Material Culture presents international textiles auction Oct. 29
PHILADELPHIA – Material Culture will offer a beautiful and rare assortment of woven masterpieces in its auction of fine international textiles and Oriental rugs on Sunday, Oct. 29, at 11 a.m. Eastern time.The auction will feature more than 400 lots of textiles and rugs, many museum quality, from estates and private collections from around the world. Absentee and Internet bidding is available through LiveAuctioneers.
A number of exceptional 18th/19th century Chinese textiles will be sold in the auction including a fine collection of embroidered silk robes and a rare summer dragon robe, and several beautifully embroidered altar cloths. Of special note is lot 15, a fine antique Qing Dynasty midnight blue silk embroidered robe with natural dye colors, with silk floss on silk base and metallic thread and lot 16, an antique Qing Dynasty Chinese white silk women’s robe elaborately detailed and embroidered with silk floss and gold thread on a white silk ground with additional pattern and embroidery within the sleeve interiors.
The auction will also include some period 20th-century textiles depicting Cultural Revolution and Chairman Mao themes.
Many of the Indonesian pieces to be offered are museum quality including several 19th-century batiks signed by batik masters. Lots 35 and 36, for example, are very fine and rare batiks created and signed by Eliza Van Zuylen, a Dutch woman/batik artist who operated one of the most famous ateliers in Pekalongan from 1890-1946. Her batiks catered to the tastes of the local Dutch, Eurasian and Chinese settlers in Indonesia as well as to the Western export market. Also included in the auction is a rare double ikat geringsing cloth from Bali, and several ceremonial sarongs from Sumatra as well as highly collectible ships cloths and ceremonial tatibin and pelangi from Sumatra.
Of particular note is lot 48, a women’s ceremonial sarong/tapis woven with handspun cotton and decorated with natural dyes and metal thread from Lampung, Sumatra. Other Indonesian textiles of note are several old ikats from Sumba, Borneo, Roti and Savu.
Of the beautiful Indian textiles included in the sale, lot 74 is particularly noteworthy: a rare 18th/19th century patola double ikat trade cloth made in Gujarat, India. Such textiles were so highly valued in their day that they were used as currency. They are admired and collected today for their beauty and the intricacy of their design and fabrication.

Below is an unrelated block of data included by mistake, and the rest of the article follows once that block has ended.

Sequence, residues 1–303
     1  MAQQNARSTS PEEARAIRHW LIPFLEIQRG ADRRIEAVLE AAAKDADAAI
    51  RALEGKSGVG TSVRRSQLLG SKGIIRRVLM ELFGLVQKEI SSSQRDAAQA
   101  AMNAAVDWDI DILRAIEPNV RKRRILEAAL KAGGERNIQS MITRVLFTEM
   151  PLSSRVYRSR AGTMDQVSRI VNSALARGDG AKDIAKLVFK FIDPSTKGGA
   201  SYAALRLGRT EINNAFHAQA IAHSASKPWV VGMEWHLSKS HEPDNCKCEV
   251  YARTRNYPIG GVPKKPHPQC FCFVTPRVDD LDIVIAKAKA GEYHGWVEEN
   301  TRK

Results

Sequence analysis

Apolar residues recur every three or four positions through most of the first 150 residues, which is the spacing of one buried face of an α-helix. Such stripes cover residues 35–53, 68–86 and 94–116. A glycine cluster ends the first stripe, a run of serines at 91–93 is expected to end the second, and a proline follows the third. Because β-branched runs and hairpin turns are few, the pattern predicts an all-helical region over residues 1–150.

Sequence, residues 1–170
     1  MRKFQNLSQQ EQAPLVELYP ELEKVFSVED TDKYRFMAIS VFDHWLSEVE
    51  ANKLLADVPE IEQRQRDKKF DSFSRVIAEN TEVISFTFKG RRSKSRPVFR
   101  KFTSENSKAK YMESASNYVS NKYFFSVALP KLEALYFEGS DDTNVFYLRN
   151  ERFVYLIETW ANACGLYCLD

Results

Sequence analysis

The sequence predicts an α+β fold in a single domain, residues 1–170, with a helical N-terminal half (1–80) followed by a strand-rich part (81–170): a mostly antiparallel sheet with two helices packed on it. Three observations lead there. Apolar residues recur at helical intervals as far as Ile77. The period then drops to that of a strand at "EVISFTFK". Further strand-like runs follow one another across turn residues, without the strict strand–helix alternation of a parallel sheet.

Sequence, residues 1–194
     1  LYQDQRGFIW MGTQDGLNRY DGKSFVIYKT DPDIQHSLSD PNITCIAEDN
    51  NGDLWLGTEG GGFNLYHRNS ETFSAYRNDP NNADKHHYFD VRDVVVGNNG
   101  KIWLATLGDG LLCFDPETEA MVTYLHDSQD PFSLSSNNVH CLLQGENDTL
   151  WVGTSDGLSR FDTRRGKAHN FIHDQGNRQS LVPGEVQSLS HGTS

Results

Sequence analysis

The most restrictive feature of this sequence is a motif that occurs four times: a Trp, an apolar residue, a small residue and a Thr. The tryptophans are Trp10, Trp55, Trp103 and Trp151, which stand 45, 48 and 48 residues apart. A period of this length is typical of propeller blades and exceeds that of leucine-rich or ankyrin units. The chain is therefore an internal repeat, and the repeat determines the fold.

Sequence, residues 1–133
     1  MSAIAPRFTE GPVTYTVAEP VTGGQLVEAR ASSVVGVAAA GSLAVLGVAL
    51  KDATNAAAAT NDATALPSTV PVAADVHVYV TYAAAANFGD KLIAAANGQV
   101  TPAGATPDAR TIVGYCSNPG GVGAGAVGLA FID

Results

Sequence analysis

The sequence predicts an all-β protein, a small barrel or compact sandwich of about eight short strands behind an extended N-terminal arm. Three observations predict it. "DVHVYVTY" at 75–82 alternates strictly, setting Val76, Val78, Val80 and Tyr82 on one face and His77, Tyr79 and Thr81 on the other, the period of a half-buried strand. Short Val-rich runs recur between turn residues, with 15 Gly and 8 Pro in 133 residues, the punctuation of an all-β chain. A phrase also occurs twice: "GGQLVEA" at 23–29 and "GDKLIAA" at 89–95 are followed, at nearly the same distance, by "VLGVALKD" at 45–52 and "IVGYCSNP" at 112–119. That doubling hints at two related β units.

Other textiles from India include a number of exceptional Naga cloths of which lot 342 is a particularly fine example. This lot features a fine Kabui Naga wealthy man’s body cloth with extremely elaborate weaving, hand stitching and fringe collected in Nagaland, circa mid-1900s.
A wide range of African pieces will also be featured including a prestige wedding blanket from Mali, a variety of indigo cloths ranging from very special antique chief’s cloths to more vintage pieces and several Kuba cloths. Lot 355, for example, is a large chief’s indigo cloth from the early 1900s.
The auction also features a fine selection of antique Tibetan rugs from the collection of Bill Liske, acquired over the course of three decades of travel and work in the Himalayas. A lifelong mountaineer, Liske originally visited Nepal in 1974 for the climbing opportunities of its terrain and was drawn in by the society and its culture. Liske continued to travel to the region, and in the early 1980s he began working as a guide. During this time, he also developed a relationship with many textile dealers and pickers, some of whom would even save fine works for him that they found exciting. In 1998, he curated an exhibition of his collection titled “From the Heart of a Continent: Carpets and Textiles of the Tibetan Realm,” in his home state of Colorado, at the History Museum in Denver. Among the 31 items (lots 113-143) on offer from the collection, lot 117 is a classic Wangden-style Lama’s square warp face back meditation rug.
No collection of Tibetan rugs would be complete without lot 120, a monastery tsokden made for five monks sitting, reading and praying together. It is intact, with uncut side and end finishes and trade cloth covered felt attached borders.